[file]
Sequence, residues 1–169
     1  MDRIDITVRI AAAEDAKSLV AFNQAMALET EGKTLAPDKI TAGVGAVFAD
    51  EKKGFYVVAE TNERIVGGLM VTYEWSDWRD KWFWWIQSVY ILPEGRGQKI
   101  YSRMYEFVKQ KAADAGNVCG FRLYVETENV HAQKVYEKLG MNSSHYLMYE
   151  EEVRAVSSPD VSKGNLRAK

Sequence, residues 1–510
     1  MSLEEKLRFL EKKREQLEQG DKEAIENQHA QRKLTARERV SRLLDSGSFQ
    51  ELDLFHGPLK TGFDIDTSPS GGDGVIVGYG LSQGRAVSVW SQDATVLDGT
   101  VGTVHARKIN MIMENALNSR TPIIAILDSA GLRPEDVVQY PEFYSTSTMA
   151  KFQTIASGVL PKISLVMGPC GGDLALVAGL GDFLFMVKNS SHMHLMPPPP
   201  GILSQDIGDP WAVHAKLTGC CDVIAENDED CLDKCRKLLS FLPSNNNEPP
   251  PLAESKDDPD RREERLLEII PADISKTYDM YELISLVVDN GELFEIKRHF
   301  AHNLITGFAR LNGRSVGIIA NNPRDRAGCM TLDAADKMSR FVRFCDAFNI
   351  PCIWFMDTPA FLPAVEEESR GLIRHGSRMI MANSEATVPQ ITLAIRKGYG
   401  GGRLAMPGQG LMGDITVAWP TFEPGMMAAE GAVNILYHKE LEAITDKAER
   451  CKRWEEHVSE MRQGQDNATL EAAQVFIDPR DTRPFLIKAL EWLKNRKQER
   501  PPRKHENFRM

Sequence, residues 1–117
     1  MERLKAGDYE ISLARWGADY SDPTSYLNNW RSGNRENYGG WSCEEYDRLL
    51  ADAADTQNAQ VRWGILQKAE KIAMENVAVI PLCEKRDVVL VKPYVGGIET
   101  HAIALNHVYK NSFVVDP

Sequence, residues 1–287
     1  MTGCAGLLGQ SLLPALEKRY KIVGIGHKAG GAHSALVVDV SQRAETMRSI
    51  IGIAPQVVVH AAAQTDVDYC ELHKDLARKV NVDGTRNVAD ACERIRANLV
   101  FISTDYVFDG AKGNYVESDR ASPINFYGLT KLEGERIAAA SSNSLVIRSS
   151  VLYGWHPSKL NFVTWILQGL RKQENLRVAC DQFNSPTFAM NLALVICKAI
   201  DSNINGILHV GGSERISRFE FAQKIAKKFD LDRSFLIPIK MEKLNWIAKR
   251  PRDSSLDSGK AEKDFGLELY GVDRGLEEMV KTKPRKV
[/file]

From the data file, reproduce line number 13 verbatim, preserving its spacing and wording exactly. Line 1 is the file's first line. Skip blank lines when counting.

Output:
   301  AHNLITGFAR LNGRSVGIIA NNPRDRAGCM TLDAADKMSR FVRFCDAFNI